IT infrastructure should have a backup power supply to protect servers and other devices. You must ensure there is reliable, network-grade power, which also serves as an emergency battery to protect devices from sudden shutdowns (such as a power outage) that may damage equipment. Devices such as Uninterruptable Power Supply (UPS) or generators help provide time for graceful shutdown and/or alternate sources of power.

Colocation

By having meaningful distance between two physical locations, if one geographical area (e.g., Southeast US) experiences a disaster or an outage (e.g., a hurricane), operations could be failed over to a different facility (e.g., the Midwest) to maintain uptime.

Accomplish Geo-Redundancy With Unitrends

Unitrends helps you minimize downtime and maximize uptime with tools and methods such as:

Managing Backup Copies: Replication can be applied to create backup copies that are hosted on secondary appliances, storage targets, cloud storage buckets, removable media or a combination of all these mediums.

Replication can be performed locally, with media being moved off-site or over the WAN to a target at a colocation. Depending on the location of the “colo” relative to the primary site, geo-redundancy may be accomplished.

Unitrends Cloud: We offer dedicated cloud services for long-term retention, off-site replication and Disaster Recovery as a Service (DRaaS). Our cloud data centers and their services are available in the US, Canada, UK, Germany and Australia.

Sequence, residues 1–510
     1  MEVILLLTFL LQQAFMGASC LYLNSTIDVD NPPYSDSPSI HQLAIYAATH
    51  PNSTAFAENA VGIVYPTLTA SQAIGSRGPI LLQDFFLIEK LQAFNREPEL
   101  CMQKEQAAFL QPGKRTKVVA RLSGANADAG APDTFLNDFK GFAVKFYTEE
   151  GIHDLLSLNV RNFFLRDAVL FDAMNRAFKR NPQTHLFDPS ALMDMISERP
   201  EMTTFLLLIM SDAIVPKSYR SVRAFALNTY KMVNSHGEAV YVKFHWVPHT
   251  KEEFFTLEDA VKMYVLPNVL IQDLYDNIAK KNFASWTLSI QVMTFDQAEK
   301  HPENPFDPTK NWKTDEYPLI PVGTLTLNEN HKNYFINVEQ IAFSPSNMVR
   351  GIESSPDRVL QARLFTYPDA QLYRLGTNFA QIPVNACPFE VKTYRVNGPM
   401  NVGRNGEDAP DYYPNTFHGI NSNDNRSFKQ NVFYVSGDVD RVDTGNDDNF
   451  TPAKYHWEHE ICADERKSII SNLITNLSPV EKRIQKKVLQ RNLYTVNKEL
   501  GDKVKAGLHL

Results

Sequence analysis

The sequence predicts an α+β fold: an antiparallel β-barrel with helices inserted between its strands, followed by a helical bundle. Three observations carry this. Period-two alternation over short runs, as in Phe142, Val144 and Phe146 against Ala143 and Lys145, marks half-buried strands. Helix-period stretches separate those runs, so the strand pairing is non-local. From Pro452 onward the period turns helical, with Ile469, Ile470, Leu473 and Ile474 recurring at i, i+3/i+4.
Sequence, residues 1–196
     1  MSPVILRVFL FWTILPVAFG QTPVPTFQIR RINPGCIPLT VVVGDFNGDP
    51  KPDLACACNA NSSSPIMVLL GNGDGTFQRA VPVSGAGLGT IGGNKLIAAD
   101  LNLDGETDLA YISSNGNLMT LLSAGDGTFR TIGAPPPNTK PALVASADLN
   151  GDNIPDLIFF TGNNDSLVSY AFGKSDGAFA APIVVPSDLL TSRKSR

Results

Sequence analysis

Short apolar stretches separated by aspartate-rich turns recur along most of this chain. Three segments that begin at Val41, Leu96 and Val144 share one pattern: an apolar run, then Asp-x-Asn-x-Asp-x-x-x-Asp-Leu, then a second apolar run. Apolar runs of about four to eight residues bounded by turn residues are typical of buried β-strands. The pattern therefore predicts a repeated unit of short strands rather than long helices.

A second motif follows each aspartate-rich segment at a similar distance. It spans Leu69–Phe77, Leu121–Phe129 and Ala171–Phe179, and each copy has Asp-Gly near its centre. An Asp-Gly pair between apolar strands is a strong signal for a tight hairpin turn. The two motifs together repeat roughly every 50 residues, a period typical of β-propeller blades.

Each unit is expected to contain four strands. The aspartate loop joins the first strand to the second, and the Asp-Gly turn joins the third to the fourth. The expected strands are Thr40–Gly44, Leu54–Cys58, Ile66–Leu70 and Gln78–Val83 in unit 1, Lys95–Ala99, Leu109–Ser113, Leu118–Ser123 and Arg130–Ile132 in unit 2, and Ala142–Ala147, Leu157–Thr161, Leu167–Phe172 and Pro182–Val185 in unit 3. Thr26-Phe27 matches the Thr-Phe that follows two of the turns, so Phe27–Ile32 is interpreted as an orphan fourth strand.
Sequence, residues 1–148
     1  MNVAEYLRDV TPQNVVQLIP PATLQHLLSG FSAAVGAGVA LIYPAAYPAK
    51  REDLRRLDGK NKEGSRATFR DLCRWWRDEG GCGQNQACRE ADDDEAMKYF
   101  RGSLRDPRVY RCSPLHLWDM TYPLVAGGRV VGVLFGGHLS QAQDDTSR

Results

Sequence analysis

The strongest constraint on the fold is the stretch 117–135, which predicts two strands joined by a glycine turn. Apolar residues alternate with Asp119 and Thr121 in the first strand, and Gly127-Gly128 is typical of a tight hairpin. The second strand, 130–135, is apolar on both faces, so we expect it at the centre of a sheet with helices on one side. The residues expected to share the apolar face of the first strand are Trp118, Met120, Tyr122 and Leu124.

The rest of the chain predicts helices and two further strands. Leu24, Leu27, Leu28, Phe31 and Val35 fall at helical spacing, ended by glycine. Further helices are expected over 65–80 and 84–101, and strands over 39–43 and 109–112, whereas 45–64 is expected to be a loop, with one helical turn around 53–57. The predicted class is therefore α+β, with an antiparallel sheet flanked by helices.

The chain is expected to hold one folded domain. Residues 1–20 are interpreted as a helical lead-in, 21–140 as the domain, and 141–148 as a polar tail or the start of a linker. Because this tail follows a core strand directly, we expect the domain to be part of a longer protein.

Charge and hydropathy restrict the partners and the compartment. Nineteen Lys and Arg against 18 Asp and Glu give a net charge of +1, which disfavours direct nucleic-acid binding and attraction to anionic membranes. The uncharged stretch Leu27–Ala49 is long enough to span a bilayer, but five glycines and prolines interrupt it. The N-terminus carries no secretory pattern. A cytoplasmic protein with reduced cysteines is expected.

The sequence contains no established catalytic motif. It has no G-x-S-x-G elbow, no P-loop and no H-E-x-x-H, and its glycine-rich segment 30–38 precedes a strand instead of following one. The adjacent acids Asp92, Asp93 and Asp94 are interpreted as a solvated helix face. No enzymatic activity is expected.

While Unitrends adheres strictly to the data privacy and data sovereignty regulations of each region, all Unitrends Cloud data centers leverage a high-availability cloud strategy with redundant copies of data replicated automatically to multiple locations within the Unitrends Cloud (within the respective region).

UniView: With our centralized management portal you can easily monitor and manage backup appliances across a geographically redundant configuration, whether backup instances reside in different physical locations or across public cloud provider(s).

Find out how Unitrends makes business continuity and disaster recovery seamless and hassle-free.

About Adam Marget

Adam is a Technical Specialist on the Unitrends marketing team supporting digital and in-market events. Over the last 4 years with Unitrends, he has been delighted at the opportunity to work with customers, prospects, and partners alike to help solve challenges around data protection and business continuity. Adam joined Unitrends in 2016, bringing with him experience working with variety of manufacturers’ technology from edge to core as a coworker from national IT solutions provider CDW.